The solution to that kind of obsessive religious egotism that shows itself in the unhealthy need to “exalt ourselves” over others is surprisingly simple. You just let it go. You simply stop feeding those insecurities. And the way to let it go is to embrace the central truth of the strange kingdom Jesus believed in: that God loves and accepts us—all of us.[6]

But like any unhealthy behavior, if you don’t replace it with something else, it’s incredibly difficult to break the cycle. And so the alternative is that instead of viewing others from our insecurities as the “competition,” we learn to view them from the perspective of compassion. Genuine compassion that cares whether they have everything they need today to be happy and well. Heartfelt compassion that really hopes and prays for them that they may be surrounded by God’s steadfast love that endures forever. When you look at others that way, instead of trying to “exalt yourself” above others, you can care about them enough to serve them.

That’s what true religion has always been about—whatever its name or origin or locale. All the religious words throughout the ages that have ever meant anything boil down to embracing God’s love and sharing it with others.[7] The same thing is true of the strange kingdom Jesus proclaimed: “the greatest among you will be your servant” (Matt. 23:11). It’s right and good that we use words like that to express and experience this profound aspect of human life. But at the end of the day, what it’s all about is doing the profound and beautiful things we say—putting them into action in our lives and in the lives of those around us.



[1] © 2011 Alan Brehm. A sermon preached by Rev. Dr. Alan Brehm on 10/30/11 at First Presbyterian Church, Dickinson, TX and at A Community of the Servant-Savior Presbyterian Church, Houston, TX.

[2] And in this day and time, you can access most of it online at the Christian Classics Ethereal Library (ccel.org), at Project Gutenberg (gutenberg.org), or at the Vatican web site (vatican.va), among others. I would think this serves as ample evidence of Paul Knitter’s comment that we Christians “talk too much”! Cf. Paul F. Knitter, Without Buddha I Could Not Be a Christian, 56-57. He also mentions (ibid., 66) Thomas Aquinas’ caution that “He knows God best who acknowledges that whatever he thinks or says falls short of what God really is” (Aquinas, De Carnis 6).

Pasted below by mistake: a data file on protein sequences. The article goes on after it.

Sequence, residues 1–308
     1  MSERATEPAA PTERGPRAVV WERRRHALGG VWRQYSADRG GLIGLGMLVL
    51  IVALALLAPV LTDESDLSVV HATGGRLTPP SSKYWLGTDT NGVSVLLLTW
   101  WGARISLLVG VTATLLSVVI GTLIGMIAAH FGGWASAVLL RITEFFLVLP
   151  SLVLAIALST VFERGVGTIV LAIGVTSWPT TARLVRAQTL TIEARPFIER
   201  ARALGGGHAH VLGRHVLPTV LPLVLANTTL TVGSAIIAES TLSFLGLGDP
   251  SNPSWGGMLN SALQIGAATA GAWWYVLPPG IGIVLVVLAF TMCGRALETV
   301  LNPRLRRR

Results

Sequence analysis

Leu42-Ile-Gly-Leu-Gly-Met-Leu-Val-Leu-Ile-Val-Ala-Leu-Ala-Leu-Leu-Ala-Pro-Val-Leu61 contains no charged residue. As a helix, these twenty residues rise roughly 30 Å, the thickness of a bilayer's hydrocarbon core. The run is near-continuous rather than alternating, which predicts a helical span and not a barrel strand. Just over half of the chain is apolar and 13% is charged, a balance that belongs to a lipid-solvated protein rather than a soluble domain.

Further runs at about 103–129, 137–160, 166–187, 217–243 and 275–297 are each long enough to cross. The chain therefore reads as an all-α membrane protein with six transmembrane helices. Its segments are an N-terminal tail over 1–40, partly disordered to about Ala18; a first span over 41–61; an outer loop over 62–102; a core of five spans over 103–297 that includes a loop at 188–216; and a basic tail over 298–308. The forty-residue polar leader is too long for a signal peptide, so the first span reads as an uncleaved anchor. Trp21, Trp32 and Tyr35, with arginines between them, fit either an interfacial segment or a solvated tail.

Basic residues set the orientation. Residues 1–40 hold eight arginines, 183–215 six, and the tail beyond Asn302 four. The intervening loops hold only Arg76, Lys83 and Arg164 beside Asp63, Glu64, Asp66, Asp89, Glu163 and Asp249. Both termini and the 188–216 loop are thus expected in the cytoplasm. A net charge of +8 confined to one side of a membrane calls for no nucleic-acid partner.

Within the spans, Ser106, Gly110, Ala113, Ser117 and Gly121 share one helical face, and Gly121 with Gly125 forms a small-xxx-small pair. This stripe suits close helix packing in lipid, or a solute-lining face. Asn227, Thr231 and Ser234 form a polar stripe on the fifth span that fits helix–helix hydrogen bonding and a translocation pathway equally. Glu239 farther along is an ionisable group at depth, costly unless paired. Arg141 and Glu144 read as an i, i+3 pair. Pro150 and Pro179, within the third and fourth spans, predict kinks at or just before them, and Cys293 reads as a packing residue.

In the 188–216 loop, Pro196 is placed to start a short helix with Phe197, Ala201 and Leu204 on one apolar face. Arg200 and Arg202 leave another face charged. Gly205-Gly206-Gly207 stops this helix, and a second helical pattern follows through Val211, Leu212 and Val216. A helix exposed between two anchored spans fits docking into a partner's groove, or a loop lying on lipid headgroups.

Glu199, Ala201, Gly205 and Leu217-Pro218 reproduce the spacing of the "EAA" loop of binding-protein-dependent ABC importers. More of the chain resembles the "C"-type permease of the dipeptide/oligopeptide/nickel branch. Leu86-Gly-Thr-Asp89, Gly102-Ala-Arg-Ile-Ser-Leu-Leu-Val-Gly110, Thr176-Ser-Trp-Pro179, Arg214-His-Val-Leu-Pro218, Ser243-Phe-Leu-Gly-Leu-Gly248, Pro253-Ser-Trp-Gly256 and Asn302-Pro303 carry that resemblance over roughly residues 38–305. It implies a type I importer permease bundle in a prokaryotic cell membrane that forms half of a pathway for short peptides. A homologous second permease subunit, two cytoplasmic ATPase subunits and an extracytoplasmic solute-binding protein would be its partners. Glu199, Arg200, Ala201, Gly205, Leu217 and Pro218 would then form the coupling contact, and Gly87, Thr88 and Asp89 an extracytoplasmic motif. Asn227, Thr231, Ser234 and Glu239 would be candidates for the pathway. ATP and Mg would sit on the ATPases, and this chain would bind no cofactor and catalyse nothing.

[3] This, in and of itself, is not necessarily a bad thing. In a Buddhist context, our words can be like fingers pointing to the moon; the challenge is not to confuse the finger with the moon. Knitter, Without Buddha, 61, says, “Fingers serve to point us in the direction of that mystery, which can be as real in our experience as it is beyond our words and understanding.”

[4] It’s important for us to heed Douglas Hare’s caution when he says that no one would deny that there were pious frauds in the Judaism of Jesus’ day, but to insist that all the Jewish leaders were pious frauds is “manifestly unjust.” Cf. Douglas A. Hare, Matthew, 263.

[5] Cf. J├╝rgen Moltmann, The Church in the Power of the Spirit, 186-87. He says, “it is never possible to substantiate oneself without depreciating the other.”

[6] Cf. M. Eugene Boring, “The Gospel According to Matthew,” New Interpreter’s Bible 8:433. He says that Jesus points to an “alternative world” and an “alternative family” where “the approval of God removes the heavy yoke of self-justification.” Cf. also Moltmann, Church in the Power, where he observes that the compulsion to justify oneself at the expense of others can only be overcome when this “primal fear” is replaced by the “primal trust” that “Human life has eternal value because it is loved and accepted by God.” Cf. similarly, Henri Nouwen, Here and Now, 136.

[7] Cf. Knitter, Without Buddha, 71, where he says that our religious symbols “are meant to change our lives, not fill our heads.” Cf. also John Caputo, On Religion, 115, 139, where he discusses the importance of “doing the truth” we believe, and “enacting” the “meaning of God.”